Ken Aston, who had watched these incidents unfurl with horror before being called upon to try and persuade Rattín to leave the field, did not want to see a repeat. He had been a renowned referee himself, taking charge of the 1963 FA Cup Final in his final game before retirement. The previous year, he had also been given the honour of officiating at the opening game of the 1962 World Cup; he impressed so much that he was handed the task of presiding over Chile v Italy in a subsequent game. This was not something for which he was particularly thankful – he later described himself as “acting as an umpire in military manoeuvres” in the match that came to be known as ‘The Battle of Santiago’. Prior to the game, reports emerged in Chile that newspapers in their opponent’s country had been questioning the beauty and morals of Chilean women: tempers flared high, as both sides treated the occasion as a battle of honour as much as a football match. Aston broke up numerous fights, sent off two Italian players and had to work in conjunction with armed police to ensure that the match reached a conclusion. He was praised greatly for his handling of a highly volatile situation.
The respect he had garnered within the game was reflected in his appointment as head of referees at the 1966 tournament – his subsequent invention would ensure his legacy extended well beyond the end of his career. The story goes that he was sitting at a set of traffic lights on Kensington Road, dwelling upon how to avoid incidents such as those he had recently witnessed, when the idea came to him: yellow for take it easy, red for “stop, you’re off”. The idea was as simple as it was brilliant: simultaneously, the issues of the language barrier and the uncommunicated caution were removed from the game.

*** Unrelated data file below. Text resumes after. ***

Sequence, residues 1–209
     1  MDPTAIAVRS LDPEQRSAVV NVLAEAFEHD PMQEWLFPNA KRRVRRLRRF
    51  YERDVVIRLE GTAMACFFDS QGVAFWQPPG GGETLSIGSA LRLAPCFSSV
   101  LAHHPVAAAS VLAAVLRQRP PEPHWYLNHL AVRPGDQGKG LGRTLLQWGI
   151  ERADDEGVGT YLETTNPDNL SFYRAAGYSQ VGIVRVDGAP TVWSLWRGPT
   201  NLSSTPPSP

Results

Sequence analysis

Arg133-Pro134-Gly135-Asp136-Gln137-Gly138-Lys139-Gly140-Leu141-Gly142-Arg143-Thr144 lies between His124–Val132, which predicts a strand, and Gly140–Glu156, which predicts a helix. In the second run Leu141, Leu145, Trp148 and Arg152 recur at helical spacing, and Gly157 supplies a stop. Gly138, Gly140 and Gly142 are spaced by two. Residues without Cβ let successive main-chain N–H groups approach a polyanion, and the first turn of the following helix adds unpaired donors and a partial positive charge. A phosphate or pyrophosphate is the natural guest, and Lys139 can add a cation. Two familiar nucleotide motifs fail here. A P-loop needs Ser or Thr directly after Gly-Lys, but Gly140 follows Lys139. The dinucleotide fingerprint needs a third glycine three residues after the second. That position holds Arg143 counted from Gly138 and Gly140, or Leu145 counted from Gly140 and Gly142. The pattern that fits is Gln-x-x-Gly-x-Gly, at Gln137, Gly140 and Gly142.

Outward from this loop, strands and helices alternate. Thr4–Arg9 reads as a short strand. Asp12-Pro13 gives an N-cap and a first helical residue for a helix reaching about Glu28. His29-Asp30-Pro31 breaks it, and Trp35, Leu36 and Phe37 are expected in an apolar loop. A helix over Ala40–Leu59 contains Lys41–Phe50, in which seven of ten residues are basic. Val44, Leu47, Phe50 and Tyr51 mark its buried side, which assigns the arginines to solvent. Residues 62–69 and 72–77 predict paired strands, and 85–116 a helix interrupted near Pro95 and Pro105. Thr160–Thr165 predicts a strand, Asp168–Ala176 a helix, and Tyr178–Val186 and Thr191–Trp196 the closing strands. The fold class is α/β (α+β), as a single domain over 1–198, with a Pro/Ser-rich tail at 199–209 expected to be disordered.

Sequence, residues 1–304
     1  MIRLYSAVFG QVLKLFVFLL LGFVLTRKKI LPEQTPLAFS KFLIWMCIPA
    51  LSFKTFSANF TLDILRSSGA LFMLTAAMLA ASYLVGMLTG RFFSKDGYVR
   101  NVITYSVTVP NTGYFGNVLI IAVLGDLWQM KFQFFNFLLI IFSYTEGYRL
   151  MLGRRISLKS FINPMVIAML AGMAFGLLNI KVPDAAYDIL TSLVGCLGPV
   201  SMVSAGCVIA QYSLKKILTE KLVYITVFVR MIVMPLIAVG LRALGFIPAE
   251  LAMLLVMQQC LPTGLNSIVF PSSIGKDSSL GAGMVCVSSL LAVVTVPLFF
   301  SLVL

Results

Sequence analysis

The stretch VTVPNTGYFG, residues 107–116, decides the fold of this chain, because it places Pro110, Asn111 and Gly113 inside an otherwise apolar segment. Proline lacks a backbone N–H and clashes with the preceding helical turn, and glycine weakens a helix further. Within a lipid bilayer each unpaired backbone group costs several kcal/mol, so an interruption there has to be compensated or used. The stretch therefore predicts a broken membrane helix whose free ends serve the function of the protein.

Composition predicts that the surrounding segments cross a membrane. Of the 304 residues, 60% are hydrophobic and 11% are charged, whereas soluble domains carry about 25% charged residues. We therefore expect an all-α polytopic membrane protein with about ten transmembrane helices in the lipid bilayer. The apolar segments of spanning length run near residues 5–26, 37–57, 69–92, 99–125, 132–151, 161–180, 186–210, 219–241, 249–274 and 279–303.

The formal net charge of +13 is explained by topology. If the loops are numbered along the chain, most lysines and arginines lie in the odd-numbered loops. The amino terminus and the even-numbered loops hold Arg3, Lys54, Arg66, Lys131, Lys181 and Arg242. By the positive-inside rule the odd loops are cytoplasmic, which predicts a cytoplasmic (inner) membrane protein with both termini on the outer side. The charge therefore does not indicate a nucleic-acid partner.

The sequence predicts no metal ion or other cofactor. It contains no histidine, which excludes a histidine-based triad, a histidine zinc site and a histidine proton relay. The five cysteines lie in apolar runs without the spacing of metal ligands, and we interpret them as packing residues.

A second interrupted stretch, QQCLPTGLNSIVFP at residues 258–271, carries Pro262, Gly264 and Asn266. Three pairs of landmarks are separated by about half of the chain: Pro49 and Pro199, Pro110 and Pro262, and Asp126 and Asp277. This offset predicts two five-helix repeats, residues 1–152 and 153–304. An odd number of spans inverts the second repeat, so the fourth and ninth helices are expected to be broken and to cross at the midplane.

Football has always been resistant to change, but even the governing bodies struggled to find a downside of the concept. FIFA trialled the concept at the next World Cup in 1970, to great success – the FA dragged their heels for six further years, but eventually also adopted the system that football fans around the world now treat as integral to the sport. This, however, would not prove to be the end of the story. After less than five years of using the cards, the English authorities felt that red cards had led to an upswing in “demonstrative referees” sending people off with too much regularity: the more serious of Aston’s two cards was duly removed from the domestic game following a decision of the FA Council in January 1981. Amazingly, red cards were not reintroduced into English football until 1987, and even then only at the insistence of the International Board – this is why footage of the first ever sending-off in an FA Cup final, in a clash between Everton and Manchester United in 1985, shows the referee taking Kevin Moran’s name and then gesturing him off the field, rather than showing him a red card. The cards system as we know it, then, has only been around as an essential part of the game for a little over thirty years.
Ken Aston cannot have known when sitting at those traffic lights that his idea would permanently change the way the sport he loved was played. Nor could Antonio Rattín have envisaged that his sit-down protest on the Queen’s red carpet would give rise to a system that helped bring clarity and transparency to on-field decisions, reducing the chances of anyone else being sent off for little more than a dirty look. In football as in life, progress can be driven in strange and unpredictable ways.